The artist as outsider : a comparative study of James Joyce, André Gide and Thomas Mann : with particular reference to 'A portrait of the artist as a young man', 'Les Faux-monnayers' and 'Dr Faustus'
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""The Artist as Outsider" certainly is a very popular subject for literary criticism. Nevertheless, I have chosen it believing strongly that there are two points which I can make and which have not been made before: The first point consists in showing how strong the intermediary position of Joyce, Gide and Mann, through their treatment of the outsider theme, between the nineteenth-century literary tradition and a completely new era were. The second point consists in showing how the three authors' experimentation with form is intrinsically linked with the actual subject of the novels-the outsider position of the hero. Let us first consider this "intermediary position": In the Romantic and Symbolist tradition it is indeed very common to find the author mirrored in his work of art, mirrored a bit self-complacently as somebody who is not understood and who, because of his unfavourable environment, either fails to fulfil his vocation or becomes more and more estranged from the society he lives in. As in Wilde's The Picture of Dorian Gray, the artist is not only seen as a decadent deviant figure, but also as a doomed and tragic character. Lombroso and many others had developed theories according to which the creative artist was "bound" to be afflicted by some deviation, be it disease, crime, or anything else which is suspicious to the average bourgeois. Baudelaire and Poe were known to have taken drugs in order to depart from this world and have experience beyond, in a fantastic, imaginative realm. As I try to show, most of these clichéd themes were taken up in the three novels of my choice. But at the same time - and this is less obvious - a new view of the artistic creativity and the outsider phenomenon was interwoven: according to the traditional view, the artist becomes an outsider because of his eccentric qualities; according to this new view, however, the outsider position comes first. The individual is no longer born with his artistic vocation and becomes eventually estranged from his fellow men, because of these "artist-qualities", but his estrangement is innate-and therefore only he is destined to be artistically creative. Cause and effect are, in this new argument, interchanged. The view of the outsider character as an intrinsic part of some rare human beings' existence announces heroes like Meursault and Roquentin who are outsiders par excellence and whose tragic ends are only explicable by the fact that they refuse to fulfil their destiny which is to be artistically creative. I therefore take Meursault and Roquentin, together with some other Existentialist heroes, as failed artists who, in the way I have described, can be taken for sons of the three heroes Stephen, Adrian and Edouard." -- From the Introduction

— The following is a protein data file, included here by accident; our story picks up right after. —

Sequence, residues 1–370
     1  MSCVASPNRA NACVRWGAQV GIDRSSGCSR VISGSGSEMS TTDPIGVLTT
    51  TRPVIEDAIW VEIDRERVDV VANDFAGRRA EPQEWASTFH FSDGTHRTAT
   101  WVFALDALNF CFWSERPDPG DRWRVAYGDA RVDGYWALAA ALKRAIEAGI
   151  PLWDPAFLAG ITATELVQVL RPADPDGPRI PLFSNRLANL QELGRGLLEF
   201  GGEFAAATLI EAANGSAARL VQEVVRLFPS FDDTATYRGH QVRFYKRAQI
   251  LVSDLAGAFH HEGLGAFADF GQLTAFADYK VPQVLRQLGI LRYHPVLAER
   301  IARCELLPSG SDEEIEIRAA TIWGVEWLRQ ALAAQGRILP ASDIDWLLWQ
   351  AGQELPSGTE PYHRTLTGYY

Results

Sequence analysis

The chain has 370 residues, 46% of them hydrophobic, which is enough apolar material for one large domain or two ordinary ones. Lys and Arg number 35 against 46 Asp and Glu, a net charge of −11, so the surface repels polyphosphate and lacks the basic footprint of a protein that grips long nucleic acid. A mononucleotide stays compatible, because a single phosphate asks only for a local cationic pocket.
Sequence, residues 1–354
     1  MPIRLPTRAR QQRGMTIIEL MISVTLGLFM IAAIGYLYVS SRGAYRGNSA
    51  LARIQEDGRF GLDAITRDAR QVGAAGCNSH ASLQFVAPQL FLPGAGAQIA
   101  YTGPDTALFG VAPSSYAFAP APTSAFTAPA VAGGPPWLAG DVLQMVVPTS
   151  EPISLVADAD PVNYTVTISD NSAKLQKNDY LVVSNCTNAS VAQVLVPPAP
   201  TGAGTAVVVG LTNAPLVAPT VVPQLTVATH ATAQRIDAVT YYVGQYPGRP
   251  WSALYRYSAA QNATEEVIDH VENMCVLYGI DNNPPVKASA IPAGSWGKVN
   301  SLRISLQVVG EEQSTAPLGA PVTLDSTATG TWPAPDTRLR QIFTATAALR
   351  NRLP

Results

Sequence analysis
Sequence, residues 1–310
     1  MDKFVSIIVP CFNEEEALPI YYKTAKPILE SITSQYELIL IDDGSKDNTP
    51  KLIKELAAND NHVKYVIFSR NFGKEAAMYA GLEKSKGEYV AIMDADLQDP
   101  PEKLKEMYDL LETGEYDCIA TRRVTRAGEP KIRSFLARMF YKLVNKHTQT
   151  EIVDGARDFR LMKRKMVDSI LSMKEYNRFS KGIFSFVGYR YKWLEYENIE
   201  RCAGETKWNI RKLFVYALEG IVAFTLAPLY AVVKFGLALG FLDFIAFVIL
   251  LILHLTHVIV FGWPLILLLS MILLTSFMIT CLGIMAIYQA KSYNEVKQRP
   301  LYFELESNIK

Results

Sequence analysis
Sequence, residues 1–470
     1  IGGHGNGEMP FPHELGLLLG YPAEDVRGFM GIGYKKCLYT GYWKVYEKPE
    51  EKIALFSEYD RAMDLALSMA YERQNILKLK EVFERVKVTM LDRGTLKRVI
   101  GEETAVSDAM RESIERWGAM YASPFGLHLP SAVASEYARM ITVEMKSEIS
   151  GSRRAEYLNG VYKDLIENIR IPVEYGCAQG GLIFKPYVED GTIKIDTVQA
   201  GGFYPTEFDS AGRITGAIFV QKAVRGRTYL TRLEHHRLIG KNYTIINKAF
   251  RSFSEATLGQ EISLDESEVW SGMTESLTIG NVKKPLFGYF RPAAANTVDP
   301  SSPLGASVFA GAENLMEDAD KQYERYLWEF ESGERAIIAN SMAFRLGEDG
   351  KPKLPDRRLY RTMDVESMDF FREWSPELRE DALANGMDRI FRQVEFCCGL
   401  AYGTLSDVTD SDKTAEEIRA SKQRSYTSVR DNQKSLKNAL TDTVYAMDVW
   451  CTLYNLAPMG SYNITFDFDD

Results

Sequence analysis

Thesis, MLitt Master of Letters
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